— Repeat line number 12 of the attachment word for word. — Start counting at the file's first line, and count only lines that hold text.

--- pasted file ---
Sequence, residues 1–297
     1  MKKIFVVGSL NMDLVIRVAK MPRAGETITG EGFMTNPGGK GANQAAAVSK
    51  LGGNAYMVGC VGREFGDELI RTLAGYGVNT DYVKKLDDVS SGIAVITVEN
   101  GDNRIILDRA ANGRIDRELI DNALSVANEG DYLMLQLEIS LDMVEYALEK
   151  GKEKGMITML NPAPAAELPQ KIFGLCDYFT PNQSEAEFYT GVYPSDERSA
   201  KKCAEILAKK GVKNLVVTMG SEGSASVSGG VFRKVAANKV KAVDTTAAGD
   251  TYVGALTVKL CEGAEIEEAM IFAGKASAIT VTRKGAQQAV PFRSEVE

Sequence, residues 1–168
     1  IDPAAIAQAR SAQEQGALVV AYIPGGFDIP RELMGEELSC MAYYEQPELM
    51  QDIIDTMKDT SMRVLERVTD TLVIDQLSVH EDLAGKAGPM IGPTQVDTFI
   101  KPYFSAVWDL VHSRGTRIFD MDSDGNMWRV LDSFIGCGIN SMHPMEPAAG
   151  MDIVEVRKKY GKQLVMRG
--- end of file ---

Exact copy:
   151  MDIVEVRKKY GKQLVMRG